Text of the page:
One of the first things I do every morning is to locate my smartphone on the bedside table, and quickly check my email and glance at the news. I do this every day, whether I wake up in Boston or Beirut, in New York or Nairobi. As both an active consumer of technology and as a Professor of Engineering, I am surrounded by gadgets, at home and at work. I love the latest apps, whether for work or for pleasure. I am always in awe of the creativity of app developers, who to me are both artists and technologists. Their blend of art and science is inspiring. But as I travel around the world for my work in global health and innovation and talk to government officials, communities and public health professionals, I am getting increasingly worried about our reliance on smartphones to provide more than data and services. We are asking for things that smartphones simply cannot, and should not provide.
I am worried that governments of many low-income countries are relying on smartphones to hide their incompetence, negligence and poor planning. As Alain Nteff, a 23 year old entrepreneur from Cameron, and a developer of an app for saving precious lives of mothers warns, a smartphone is not a substitute for a midwife. A smartphone cannot provide the empathy, kindness, care and understanding that a vulnerable mother and her family needs. Increasingly, we see governments and ministries tout smartphones as alternatives to investments in human resources and infrastructure. There is an infatuation within governments, including in my native Pakistan, with smartphones, and it is used to hide the inherent deficiencies in policy and practice. Smartphones can, and indeed do help, and do so in so many ways, but they are no substitute for a teacher, a midwife or a community worker.
The problem is not just with the governments. Even public health practitioners and those who work on the frontlines of care in most difficult places are unable to think beyond apps. In my recent conversations with community workers and even public health researchers and professors in Zanzibar, Nepal and Lebanon, I was disturbed when I asked them about what would they like to have to solve their biggest challenges? What are their technology needs? Would they need better equipment for blood testing, an improved crutch for the disabled, a better supplement for malnutrition, or a technology to help them clean their water? If they had their way, what would they choose? The answer always ended up being an app that would do one thing or another. One researcher, upon my probing, showed his ignorance about designing hardware, chemical technology or testing apparatus, and he felt that technologists should focus only on apps. In his opinion, the WHO, UN or some other NGO could provide the hardware, so it would be better if innovators focused only on apps. There is an inherent danger in this line of thinking which limits the scope of what can be done to change the status quo. If the frontline workers are unable to articulate what they need, those in the business of innovation will have a harder time coming up with novel solutions. Innovators often look to frontline workers for ideas and inspiration, and as that well of ideas starts to dry up, so will the pipeline of transformative solutions.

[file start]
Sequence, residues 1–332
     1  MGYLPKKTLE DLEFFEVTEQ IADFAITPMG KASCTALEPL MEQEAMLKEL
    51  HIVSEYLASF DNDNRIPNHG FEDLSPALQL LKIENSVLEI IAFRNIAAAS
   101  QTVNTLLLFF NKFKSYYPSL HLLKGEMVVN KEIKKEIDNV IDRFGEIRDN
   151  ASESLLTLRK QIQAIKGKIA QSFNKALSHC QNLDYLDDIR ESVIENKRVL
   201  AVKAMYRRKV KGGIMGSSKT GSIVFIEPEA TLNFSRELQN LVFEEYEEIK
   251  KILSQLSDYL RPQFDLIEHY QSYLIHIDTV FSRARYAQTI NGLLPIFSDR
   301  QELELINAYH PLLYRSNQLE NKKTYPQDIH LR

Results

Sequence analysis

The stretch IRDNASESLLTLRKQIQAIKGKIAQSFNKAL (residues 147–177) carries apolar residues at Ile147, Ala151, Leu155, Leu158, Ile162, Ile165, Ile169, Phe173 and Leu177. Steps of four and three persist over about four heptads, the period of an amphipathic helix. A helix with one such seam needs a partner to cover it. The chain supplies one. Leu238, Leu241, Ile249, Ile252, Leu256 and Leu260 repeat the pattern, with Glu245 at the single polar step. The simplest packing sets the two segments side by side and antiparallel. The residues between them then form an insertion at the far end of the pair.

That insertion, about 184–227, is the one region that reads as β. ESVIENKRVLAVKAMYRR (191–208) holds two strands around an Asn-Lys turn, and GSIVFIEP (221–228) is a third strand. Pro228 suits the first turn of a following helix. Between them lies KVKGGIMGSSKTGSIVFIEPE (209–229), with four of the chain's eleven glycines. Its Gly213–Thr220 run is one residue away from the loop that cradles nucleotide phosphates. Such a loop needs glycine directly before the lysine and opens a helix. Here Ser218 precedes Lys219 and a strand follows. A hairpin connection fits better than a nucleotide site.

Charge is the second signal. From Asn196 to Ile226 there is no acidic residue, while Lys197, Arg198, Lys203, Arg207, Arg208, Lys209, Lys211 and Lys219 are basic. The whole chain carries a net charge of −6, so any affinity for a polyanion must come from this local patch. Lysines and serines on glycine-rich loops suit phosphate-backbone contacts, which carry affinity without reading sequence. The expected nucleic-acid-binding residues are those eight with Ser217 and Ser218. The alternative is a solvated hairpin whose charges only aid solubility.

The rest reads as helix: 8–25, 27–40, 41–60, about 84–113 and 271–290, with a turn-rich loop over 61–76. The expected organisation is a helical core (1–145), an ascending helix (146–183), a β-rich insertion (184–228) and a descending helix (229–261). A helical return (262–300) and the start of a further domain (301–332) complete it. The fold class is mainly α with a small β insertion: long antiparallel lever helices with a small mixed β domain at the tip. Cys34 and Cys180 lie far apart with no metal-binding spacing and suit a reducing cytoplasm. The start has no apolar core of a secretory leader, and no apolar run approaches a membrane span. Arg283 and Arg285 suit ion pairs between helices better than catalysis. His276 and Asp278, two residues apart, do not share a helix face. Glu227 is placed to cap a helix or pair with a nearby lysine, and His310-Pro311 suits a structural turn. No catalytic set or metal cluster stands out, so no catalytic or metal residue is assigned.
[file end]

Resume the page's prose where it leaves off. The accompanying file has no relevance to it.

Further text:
My final point is connected to the previous one and is about students I see in own classroom. Students, in engineering and sciences, who are the source of inspiration and are often the drivers of innovation, are finding this myopia suffocating. With globalization and an unmatched passion, they are increasingly motivated to work on global health problems. At the same time they are eager to work on new technology and not just apps. But with an over reliance on apps, engineering and science students may decide to work in areas other than global health and development, areas more receptive of their talents and passion. This would be a huge loss both in the short and the long-term.
There is little doubt that smartphones and apps have opened new avenues of creativity and impact. But they need to be part of the solution, not the entire solution. What is needed for global health challenges is a combination of curiosity, ethics, empathy and innovation. That is quintessentially a human trait.
There is no app for that.